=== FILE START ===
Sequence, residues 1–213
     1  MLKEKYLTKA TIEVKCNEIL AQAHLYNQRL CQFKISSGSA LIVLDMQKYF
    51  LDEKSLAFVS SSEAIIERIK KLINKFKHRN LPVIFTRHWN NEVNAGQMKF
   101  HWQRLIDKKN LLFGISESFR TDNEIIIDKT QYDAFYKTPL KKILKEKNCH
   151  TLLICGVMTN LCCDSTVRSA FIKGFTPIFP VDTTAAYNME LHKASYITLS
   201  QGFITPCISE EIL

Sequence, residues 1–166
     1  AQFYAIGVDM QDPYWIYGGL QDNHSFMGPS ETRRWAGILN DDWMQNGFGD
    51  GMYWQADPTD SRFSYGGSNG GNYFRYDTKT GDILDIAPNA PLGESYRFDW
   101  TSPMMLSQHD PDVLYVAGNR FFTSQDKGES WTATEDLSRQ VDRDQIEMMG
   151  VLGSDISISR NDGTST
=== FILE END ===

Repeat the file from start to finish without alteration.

Sequence, residues 1–213
     1  MLKEKYLTKA TIEVKCNEIL AQAHLYNQRL CQFKISSGSA LIVLDMQKYF
    51  LDEKSLAFVS SSEAIIERIK KLINKFKHRN LPVIFTRHWN NEVNAGQMKF
   101  HWQRLIDKKN LLFGISESFR TDNEIIIDKT QYDAFYKTPL KKILKEKNCH
   151  TLLICGVMTN LCCDSTVRSA FIKGFTPIFP VDTTAAYNME LHKASYITLS
   201  QGFITPCISE EIL

Sequence, residues 1–166
     1  AQFYAIGVDM QDPYWIYGGL QDNHSFMGPS ETRRWAGILN DDWMQNGFGD
    51  GMYWQADPTD SRFSYGGSNG GNYFRYDTKT GDILDIAPNA PLGESYRFDW
   101  TSPMMLSQHD PDVLYVAGNR FFTSQDKGES WTATEDLSRQ VDRDQIEMMG
   151  VLGSDISISR NDGTST